Pygmy-owl call (two phrases) - Nueva Becal
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The Ferruginous Pygmy-owl's call is a long series of repeated hollow whistles which can be easily imitated by humans. Howell and Webb (1995) claim that calls may sometimes end with a series of "high, yelping twitters" while Stiles & Skutch (1989) suggest a "sharp bark or whinny" terminates some calls.
Each of the short identical syllables is an upslurred whistle, rising from 1170 to 1320 Hz. Syllables are repeated in long phrases at a rate of approximately three per second. Davis (1972) reports that one phrase may contain from 10 to 60 syllables, although I recorded one phrase that contained only four (N = five songs from one individual in Nueva Becal).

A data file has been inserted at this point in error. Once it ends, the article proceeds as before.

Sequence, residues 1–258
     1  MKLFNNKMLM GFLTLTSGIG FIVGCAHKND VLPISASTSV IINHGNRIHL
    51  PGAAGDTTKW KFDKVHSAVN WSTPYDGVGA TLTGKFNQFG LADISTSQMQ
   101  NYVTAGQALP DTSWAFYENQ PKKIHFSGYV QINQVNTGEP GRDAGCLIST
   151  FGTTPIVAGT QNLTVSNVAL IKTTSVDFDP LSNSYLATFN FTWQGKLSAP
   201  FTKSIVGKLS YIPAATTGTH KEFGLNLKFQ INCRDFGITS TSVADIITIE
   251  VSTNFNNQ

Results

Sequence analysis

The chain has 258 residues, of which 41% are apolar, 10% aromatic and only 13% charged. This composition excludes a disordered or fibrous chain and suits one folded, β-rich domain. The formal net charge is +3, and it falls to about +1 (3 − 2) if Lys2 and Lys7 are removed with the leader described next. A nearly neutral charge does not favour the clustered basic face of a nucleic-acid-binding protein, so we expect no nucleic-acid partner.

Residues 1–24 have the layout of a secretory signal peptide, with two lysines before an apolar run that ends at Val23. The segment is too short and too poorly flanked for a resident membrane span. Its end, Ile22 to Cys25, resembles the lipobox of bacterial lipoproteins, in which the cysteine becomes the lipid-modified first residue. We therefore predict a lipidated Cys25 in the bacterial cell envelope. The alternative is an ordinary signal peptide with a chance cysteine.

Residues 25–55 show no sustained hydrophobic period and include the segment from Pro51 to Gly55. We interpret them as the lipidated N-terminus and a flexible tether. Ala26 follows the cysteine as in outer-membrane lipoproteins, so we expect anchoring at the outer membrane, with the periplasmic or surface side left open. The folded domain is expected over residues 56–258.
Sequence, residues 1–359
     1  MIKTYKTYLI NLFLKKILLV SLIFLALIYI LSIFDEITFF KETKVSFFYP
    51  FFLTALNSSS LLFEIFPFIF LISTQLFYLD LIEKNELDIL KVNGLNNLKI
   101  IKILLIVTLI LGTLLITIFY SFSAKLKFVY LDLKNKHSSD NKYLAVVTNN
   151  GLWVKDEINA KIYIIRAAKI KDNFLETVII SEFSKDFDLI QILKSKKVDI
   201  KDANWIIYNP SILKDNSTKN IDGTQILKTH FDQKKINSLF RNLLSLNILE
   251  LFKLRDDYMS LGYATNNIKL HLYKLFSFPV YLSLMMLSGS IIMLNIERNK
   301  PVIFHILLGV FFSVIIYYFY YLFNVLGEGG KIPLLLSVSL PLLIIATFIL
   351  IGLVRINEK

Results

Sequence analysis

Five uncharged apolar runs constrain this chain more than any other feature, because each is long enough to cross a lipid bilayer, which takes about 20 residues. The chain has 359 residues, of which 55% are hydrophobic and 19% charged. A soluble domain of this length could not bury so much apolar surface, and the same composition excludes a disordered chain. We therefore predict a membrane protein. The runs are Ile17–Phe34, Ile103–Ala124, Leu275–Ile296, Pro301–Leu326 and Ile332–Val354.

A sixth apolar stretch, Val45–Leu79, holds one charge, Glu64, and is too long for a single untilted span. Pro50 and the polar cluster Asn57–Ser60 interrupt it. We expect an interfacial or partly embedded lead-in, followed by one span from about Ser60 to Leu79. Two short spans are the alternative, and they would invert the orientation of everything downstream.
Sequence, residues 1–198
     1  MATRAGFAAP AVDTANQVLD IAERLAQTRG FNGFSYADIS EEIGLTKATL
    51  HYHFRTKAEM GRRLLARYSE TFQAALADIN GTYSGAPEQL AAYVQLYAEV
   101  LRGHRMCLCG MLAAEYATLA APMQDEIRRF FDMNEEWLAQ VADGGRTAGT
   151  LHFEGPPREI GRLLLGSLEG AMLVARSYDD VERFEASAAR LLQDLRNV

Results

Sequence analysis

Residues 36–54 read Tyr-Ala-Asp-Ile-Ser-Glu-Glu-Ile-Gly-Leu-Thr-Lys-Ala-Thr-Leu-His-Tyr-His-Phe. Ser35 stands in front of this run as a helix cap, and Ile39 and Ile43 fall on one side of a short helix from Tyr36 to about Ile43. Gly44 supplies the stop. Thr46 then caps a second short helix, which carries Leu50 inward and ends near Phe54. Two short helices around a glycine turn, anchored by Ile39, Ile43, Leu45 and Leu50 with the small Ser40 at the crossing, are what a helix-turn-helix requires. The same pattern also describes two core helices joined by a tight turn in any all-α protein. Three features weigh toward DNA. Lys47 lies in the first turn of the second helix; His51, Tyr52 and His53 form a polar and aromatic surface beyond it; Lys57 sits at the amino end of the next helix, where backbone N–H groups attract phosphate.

Pygmy-owl calls elicit a strong mobbing response from many passerines, including many warblers and vireos. Imitation of this vocalization often attracts more small passerines than pishing does.
Ferruginous Pygmy-owls were heard very frequently in both thick forests and shrubby woodlands, often calling from within the thickest foliage.
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All information and photographs copyright Daniel J. Mennill 1999.
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